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WASHINGTONEmployers should plan now for an influenza pandemic, according to the head of the U.S. Occupational Safety and Health Administration.
"A severe pandemic in our country could have a devastating effect on our nation's" workplaces, said Edwin G. Foulke Jr., the assistant secretary of labor in charge of OSHA. "Proper planning and preparation now saves lives in the future."
His comments came as OSHA released its "Guidance on Preparing Workplaces for an Influenza Pandemic" last week.
The guidance divides workplaces into four levels of risk ranging from "low" to "very high" based on proximity of workers to infected people. For example, health care facilities that require workers to have direct contact with infected people would fall into the "high" or "very high" risk categories, according to the guidance. But most work environments would fall into the "low" or "medium" risk category, said OSHA Deputy Director Amanda Edens.
The guidance offers specific recommendations for each risk level as well as some general advice (see box).
In addition, employers should cross-train at least three employees to carry out critical business functions should a pandemic strike, Ms. Edens said.
The cross-training provision is included in the guidance's recommendation that employers develop a disaster plan. The plan should include taking steps to prepare for operations with a reduced workforce as well as working with suppliers to ensure continuation of operations, and stockpiling items such as soap, hand sanitizer and personal protection equipment. The disaster plan should have employers "plan for downsizing but also anticipate any scenario which may require a surge in your services."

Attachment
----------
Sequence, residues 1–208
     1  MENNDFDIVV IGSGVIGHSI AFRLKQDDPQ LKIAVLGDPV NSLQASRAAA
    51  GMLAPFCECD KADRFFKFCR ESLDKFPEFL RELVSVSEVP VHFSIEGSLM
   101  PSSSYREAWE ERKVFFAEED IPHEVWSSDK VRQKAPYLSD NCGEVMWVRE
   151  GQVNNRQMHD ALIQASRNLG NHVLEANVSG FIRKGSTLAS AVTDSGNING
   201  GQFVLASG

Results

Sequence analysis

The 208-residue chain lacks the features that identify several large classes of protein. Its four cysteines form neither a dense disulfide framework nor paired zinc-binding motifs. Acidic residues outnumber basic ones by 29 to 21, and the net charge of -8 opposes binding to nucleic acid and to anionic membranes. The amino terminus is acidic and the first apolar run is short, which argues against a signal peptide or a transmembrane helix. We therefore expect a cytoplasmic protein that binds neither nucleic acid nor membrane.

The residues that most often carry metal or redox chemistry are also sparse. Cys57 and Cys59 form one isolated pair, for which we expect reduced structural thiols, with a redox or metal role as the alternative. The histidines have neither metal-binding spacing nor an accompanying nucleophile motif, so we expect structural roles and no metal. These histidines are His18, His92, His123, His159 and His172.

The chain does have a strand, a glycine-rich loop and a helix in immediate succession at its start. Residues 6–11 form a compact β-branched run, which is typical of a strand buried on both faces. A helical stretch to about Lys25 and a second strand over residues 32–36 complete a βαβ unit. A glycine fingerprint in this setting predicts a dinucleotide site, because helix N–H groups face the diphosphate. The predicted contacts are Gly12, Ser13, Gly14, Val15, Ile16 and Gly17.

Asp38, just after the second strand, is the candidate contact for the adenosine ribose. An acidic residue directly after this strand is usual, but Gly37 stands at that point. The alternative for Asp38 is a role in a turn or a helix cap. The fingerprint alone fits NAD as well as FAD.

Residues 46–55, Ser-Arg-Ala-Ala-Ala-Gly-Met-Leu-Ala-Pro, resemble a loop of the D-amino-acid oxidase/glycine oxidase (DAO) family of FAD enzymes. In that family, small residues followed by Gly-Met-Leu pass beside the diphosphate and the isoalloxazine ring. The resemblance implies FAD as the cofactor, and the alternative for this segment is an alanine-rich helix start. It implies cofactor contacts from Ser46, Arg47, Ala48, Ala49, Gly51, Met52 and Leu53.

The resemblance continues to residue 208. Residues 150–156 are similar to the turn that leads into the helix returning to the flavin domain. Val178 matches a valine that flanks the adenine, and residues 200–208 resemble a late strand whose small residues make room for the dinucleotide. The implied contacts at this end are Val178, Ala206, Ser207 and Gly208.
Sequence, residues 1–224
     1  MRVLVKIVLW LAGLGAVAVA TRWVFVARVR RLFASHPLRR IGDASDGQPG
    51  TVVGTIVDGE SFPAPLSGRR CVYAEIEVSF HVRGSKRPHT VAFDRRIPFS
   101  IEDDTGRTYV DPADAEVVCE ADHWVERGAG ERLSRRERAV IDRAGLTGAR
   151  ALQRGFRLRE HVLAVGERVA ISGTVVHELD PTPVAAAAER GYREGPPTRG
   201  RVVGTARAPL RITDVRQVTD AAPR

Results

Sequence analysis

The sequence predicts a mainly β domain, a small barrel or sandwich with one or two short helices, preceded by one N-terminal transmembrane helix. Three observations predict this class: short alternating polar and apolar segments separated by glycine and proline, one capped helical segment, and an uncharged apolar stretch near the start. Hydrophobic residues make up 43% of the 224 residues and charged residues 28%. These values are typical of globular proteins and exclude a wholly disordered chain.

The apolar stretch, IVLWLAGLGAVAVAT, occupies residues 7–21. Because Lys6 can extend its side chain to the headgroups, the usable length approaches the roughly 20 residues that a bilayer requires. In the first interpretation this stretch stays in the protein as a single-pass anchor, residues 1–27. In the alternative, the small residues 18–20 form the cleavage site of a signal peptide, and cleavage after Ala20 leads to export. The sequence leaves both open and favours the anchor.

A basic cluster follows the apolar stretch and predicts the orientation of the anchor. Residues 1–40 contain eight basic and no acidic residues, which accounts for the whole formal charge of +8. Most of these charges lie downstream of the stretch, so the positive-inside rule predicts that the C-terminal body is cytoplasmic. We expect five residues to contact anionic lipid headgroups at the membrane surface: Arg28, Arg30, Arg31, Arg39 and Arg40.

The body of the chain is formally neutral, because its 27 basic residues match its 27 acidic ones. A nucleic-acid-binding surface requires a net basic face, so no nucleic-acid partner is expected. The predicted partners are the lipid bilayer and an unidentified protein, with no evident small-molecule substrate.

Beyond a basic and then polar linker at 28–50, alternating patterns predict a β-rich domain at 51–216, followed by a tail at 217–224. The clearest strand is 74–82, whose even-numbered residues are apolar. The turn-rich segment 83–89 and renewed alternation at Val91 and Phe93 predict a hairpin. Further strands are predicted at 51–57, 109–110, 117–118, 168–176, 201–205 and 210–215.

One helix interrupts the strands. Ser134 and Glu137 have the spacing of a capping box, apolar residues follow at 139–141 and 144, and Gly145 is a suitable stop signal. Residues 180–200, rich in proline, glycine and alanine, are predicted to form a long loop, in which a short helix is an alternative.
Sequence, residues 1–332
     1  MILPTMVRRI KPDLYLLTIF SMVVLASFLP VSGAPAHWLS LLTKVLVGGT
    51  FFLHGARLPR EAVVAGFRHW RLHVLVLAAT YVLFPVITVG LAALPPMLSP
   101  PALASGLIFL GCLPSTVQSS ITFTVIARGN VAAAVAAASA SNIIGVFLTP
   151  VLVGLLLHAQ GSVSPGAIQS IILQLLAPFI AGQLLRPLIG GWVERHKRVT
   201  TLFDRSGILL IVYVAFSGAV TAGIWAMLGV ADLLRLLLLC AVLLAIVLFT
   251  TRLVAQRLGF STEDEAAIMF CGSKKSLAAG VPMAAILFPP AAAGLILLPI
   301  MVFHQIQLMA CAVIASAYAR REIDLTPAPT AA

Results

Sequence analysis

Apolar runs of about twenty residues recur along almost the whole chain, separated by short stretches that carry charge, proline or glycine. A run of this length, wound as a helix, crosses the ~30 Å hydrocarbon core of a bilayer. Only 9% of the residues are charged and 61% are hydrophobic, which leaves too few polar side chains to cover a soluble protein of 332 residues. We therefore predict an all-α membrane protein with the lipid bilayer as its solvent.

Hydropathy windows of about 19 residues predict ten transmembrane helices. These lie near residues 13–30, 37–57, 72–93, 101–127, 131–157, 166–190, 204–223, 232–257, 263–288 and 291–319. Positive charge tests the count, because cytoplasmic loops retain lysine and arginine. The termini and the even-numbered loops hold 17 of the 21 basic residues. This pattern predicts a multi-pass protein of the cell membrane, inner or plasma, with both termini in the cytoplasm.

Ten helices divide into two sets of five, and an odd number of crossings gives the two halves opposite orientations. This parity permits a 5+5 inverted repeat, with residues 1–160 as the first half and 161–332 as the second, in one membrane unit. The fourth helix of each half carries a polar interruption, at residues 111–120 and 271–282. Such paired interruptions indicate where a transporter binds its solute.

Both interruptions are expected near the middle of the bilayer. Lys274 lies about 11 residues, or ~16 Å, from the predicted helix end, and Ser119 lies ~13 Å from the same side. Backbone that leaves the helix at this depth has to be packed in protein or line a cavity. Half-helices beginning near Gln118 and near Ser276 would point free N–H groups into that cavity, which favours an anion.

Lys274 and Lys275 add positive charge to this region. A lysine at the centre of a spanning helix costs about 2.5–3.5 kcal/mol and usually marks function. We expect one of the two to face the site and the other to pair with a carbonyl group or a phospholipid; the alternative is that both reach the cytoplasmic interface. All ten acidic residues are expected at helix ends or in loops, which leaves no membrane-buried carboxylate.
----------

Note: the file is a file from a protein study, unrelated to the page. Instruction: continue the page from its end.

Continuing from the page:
The document released last week is not necessarily OSHA's last word on the issue, Mr. Foulke said.
"Additional guidance may be needed if an actual pandemic unfolds," he said.
A spokeswoman for the American Society of Safety Engineers in Des Plaines, Ill., welcomed the document.
"It's very important because we have been encouraging our members to pass the word along to their businesses and employers about how important it is to be prepared for a possible influenza pandemic," said the spokeswoman. She said interest in the issue led the ASSE's health care practice specialty to develop "tips on how businesses can prepare and what they can do should a pandemic hit."
The guidance is available at www.osha.gov.